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One of the more enjoyable things to do in central Texas is floating down the various rivers. The cool water on hot summer days not only cools the body but pulls the stress of the week out of you. I’ve been going with friends of mine that have tubing down to a fine art including a tube for their 70 quart cooler and a custom made radio player built into a 48 quart cooler. During that time I’ve would borrow space in their cooler for my favorite beverage (read “beer.”) It was always a concern as to how much space was allowed for me. And of course, every time I wanted one they were either upstream or downstream from me. So, I started to think what I could come up with. Searching the net I found either water noodles around a small tub for a pool or tubes for much larger coolers. I
wanted something in-between.

Being like most folks on this site I wanted to come up with something that easy, functional, and made of things around the house. For my first revision/build I turned to my personal Playmate cooler from Igloo. It was just the right side for me, held just the right number of my favorite beverage (read “beer”), a couple of bottles of water, and some snacks. The first picture is of final product of the first build.

Since the cooler is to be used on and off the river the cooler couldn’t be damage (i.e., no holes, nothing glued to the sides, etc.) So the first build was to involved strapping material. The cooler will float in by itself but will float tilted based on the contents and the weight shifting. I thought it would need some addition floatation devices surrounding the cooler.

Step 1: Parts List

The material list for the first build goes something like this:

Playmate cooler

Water noodle 2x15” ($3 for 4’ feet at Dollar General)

Buckle (left over from my scuba diving days. Can be other types of fasteners if you like.)

Rope, about 56” long to go through the noodles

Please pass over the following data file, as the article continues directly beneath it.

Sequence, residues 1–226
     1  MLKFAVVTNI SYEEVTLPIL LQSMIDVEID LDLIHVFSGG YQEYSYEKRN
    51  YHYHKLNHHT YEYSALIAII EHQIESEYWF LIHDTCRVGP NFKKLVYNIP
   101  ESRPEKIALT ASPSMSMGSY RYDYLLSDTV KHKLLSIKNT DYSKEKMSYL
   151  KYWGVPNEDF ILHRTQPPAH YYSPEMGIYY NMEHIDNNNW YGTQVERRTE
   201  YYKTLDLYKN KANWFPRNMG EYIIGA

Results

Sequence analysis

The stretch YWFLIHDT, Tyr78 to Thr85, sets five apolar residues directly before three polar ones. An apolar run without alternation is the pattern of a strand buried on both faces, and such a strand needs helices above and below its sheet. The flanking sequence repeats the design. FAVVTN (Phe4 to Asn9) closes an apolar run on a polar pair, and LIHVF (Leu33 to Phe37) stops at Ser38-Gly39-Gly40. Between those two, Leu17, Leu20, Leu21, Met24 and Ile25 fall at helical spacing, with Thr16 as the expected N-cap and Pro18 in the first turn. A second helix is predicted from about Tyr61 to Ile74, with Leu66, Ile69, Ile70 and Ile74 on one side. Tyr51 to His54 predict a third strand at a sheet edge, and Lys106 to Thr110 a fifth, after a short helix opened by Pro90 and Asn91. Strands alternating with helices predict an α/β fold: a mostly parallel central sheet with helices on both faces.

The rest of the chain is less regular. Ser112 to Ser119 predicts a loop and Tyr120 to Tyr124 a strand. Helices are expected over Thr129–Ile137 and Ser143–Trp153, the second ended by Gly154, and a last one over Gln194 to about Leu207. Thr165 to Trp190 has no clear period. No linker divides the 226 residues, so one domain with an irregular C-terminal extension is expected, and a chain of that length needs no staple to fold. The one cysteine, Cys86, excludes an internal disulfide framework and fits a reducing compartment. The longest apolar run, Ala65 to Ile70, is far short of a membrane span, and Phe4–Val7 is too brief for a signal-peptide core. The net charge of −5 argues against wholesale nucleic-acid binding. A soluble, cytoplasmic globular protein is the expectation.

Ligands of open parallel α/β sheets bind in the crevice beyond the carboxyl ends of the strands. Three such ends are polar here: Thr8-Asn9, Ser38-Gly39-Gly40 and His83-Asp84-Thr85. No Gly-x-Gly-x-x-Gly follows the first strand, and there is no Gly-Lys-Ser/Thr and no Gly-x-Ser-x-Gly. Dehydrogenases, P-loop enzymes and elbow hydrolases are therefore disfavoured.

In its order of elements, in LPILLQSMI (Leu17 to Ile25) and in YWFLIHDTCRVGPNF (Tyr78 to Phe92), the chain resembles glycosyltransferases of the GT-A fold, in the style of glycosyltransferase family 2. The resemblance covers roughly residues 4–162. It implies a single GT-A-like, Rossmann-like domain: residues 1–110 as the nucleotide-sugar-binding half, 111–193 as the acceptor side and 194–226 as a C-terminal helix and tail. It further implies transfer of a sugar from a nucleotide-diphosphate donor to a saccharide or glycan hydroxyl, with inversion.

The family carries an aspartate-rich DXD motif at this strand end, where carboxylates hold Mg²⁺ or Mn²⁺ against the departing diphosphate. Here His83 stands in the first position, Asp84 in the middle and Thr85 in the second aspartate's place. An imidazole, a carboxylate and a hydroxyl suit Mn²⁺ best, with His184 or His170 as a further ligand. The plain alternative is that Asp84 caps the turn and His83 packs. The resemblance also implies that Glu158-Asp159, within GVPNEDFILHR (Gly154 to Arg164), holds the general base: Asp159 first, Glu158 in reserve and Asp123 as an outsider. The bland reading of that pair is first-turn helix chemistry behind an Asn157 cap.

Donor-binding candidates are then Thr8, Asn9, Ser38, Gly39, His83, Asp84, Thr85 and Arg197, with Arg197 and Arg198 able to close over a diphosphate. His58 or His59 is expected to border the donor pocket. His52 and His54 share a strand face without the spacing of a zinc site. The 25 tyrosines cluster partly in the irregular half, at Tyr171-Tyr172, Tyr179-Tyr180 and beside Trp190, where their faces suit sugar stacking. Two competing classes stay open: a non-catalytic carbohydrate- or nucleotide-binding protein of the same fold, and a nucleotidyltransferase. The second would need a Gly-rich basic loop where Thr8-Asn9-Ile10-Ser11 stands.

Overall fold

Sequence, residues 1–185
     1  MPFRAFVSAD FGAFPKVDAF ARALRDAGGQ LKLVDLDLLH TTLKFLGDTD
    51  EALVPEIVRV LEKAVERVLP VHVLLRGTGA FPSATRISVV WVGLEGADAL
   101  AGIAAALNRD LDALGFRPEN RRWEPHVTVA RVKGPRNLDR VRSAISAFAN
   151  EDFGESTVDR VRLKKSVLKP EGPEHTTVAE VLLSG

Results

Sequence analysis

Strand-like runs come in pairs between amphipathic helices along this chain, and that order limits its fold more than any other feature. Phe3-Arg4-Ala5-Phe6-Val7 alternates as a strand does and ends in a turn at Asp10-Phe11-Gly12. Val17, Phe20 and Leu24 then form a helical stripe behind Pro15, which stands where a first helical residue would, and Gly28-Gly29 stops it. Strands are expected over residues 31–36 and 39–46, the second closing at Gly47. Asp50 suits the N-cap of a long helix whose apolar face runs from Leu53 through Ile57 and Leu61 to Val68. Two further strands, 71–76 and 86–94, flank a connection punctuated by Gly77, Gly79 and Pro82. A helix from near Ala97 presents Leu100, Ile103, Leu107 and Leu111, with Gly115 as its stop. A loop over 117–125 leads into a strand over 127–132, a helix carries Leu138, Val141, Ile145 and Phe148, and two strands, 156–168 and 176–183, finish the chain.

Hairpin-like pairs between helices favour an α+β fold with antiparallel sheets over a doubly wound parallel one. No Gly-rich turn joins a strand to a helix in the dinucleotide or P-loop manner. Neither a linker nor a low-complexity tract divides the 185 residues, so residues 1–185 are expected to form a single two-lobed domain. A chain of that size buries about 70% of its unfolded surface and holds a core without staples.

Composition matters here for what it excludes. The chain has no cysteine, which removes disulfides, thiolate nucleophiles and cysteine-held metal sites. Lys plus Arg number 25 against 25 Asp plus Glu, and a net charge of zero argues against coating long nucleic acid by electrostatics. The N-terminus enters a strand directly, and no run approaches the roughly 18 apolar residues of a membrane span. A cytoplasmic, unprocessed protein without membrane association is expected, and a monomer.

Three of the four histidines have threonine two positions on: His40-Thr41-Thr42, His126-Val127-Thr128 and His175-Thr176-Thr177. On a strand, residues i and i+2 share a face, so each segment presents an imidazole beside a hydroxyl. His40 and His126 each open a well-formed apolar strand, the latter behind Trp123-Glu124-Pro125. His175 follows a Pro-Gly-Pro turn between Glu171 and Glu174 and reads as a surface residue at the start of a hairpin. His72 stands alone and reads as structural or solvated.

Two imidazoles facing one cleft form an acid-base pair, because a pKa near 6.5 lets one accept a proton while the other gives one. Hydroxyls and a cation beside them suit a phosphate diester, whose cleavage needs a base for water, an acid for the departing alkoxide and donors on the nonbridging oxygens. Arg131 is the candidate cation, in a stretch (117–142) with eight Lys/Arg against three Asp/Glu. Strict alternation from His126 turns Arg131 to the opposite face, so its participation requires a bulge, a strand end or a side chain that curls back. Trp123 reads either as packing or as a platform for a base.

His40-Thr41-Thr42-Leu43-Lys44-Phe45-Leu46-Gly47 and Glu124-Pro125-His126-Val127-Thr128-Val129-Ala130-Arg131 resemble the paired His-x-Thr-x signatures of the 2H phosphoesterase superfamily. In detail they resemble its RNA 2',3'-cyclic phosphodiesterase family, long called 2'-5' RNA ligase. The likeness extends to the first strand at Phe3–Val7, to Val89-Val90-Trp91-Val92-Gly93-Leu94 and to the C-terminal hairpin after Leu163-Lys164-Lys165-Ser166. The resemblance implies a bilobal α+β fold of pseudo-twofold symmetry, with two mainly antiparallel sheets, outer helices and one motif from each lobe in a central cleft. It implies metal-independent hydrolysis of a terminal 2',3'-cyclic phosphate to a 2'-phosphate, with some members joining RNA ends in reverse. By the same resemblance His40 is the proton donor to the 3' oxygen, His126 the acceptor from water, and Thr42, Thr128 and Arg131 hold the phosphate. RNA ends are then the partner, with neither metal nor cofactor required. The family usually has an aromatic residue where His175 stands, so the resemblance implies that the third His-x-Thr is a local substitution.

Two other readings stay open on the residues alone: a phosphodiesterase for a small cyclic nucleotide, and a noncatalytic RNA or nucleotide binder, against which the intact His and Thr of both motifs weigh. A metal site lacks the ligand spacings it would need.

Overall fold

2” nylon strapping material, about 48”

2” nylon strapping material, about 24”

Black zip ties

Scissors

Long blade knife

Sewing machine (if you want to sew the strap ends)

A lot of this was fly-by-the-seat-of-my-pants measurements changing all the time I was making it so I’ll give y’all the numbers I finally came up with.

Step 2: Making Your Cross Strap

Take the smaller 24” strap and folder over 2” making a loop and sew down the end to the strap. Do the same for the other end. The overall length should be between 19” and 20”. The screwdrivers are there to show the loops at the ends of the strap and keep the strap from rolling up.

Step 3: Adding a Slot to Your Water Noodles.

Take the two noodles and cut a 2 1/2” inch through the noodle.

Step 4: Start to Assemble

Snake the rope through a noodle, through one end of the strap, through the other noodle, and then through the other end of the strap.

Step 5: Adjusting the Rope to Your Cooler

Place the cooler upside down and put the noodle on the long sides of the cooler to get an idea how long and tight the rope needs to be around the cooler. You want the center of the noodles to be about 3 ½” from the bottom of the cooler. To help see that, notice how the center of the noodles are about the same height of the white part of the cooler. I used a hose clamp to help hold the rope end together till I figure out the right length.

Step 6: Fixing the Length of the Rope

Using a couple of zip ties, tie wrap the rope together.

Step 7: Hide the Ends

Pull the ends into the noodle.

Step 8: Adding the Tie Down Strap

Affix the buckle onto one end of the longer strap and weave it through the noodles.

Step 9: Centering Your Straps